Pakistan’s tour of South Africa has been a tough one. They lost the Centurion Test by six wickets and also suffered defeat in Cape Town by nine wickets to squander yet another chance to win a series in South Africa. Pakistan’s batsmen and bowlers have performed poorly in the series with only one or two players contributing. In the third and final Test at the Wanderers in Johannesburg, South Africa were boosted by a magnificent 90 from Aiden Markram and looked set to pile on the agony. At 229/3, South Africa looked set for a big score but Mohammad Amir, backed by Faheem Ashraf and Hasan Ali ripped through the South Africa lower order as the Proteas lost seven wickets for 33 runs to be bowled out for 262.
Speaking at the end of the day press conference, Amir, who had picked up 2/36 responded to a question of whether this was the best performance of the bowlers on the tour so far. “The first two sessions we didn't bowl well. But after tea, we made a plan that we had to bowl wicket to wicket and we have to control run rate so we can get wickets. This wicket is far better than previous wickets. If you settle in, you can get the runs and wickets. But I always believe when you stick with the basics whether you're a bowler or batsmen, you can get the reward,” Amir said.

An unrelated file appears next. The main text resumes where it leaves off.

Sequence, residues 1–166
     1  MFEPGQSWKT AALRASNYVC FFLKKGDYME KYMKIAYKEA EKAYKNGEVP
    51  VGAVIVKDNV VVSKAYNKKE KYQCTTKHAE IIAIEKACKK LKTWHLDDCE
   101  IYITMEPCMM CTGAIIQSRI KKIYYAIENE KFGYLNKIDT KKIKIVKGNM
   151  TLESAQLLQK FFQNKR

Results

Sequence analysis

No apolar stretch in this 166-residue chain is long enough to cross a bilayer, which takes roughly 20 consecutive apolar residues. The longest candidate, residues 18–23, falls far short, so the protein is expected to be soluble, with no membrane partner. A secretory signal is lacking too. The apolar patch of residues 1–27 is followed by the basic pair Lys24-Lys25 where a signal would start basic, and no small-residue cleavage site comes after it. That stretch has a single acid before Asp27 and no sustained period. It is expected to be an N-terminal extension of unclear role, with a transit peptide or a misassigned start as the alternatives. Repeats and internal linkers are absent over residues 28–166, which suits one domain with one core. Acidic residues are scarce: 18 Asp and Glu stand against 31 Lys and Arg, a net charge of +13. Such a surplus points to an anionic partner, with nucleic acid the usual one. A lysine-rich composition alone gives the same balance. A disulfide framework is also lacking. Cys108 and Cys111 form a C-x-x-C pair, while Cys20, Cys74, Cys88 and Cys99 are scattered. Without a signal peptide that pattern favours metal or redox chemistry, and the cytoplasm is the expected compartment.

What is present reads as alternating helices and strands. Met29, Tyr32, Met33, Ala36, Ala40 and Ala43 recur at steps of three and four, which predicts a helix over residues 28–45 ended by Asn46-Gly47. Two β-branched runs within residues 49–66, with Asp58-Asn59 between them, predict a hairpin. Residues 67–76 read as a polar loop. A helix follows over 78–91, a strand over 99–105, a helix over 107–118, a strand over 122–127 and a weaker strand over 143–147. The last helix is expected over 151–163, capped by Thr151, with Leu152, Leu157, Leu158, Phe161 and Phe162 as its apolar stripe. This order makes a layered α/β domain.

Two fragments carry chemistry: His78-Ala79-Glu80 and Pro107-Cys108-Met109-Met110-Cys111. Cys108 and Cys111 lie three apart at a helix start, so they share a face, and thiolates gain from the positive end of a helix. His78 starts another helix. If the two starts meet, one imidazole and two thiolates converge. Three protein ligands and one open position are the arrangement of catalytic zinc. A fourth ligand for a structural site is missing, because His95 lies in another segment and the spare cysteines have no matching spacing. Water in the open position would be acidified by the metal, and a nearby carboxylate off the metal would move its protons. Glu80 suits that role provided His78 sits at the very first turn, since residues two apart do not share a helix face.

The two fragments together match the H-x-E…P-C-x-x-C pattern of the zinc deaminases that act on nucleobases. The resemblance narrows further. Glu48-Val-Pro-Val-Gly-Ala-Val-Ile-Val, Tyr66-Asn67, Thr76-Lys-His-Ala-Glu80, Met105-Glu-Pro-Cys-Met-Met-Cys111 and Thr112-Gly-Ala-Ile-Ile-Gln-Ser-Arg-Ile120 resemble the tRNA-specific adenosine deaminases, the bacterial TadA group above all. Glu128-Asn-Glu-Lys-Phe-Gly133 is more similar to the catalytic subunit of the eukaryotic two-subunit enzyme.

However, it was another question that miffed Amir and he walked out of the press conference. It was about the comments made by Sarfraz Ahmed, the Pakistan skipper about the bowlers following defeat in the Cape Town Test which angered Amir. “Please leave this question. Leave this question. Are we done?” Following the tense exchange, Amir walked out.
The anger from Amir stems from the comment made by Sarfraz during the post-match press conference where he blamed the bowlers for the team’s defeat. “Our bowling was not up to the mark. Our bowling average speed was 130 (kilometres an hour), South Africa was bowling at 145. Our bowling was far better (in the first Test) in Centurion,” Sarfraz said. The comments did not go down well with the bowling unit, with one Pakistan Television channel stating that the bowling unit was miffed with the captain’s comment.
Earlier, Pakistan’s batting coach Grant Flower admitted that the current environment in the camp was also not ideal. The batsmen have had to face the wrath of coach Mickey Arthur, who criticised their approach following the collapse in the Centurion Test. The Johannesburg Test represents the final opportunity for Pakistan to salvage some pride in a country where they have never done well.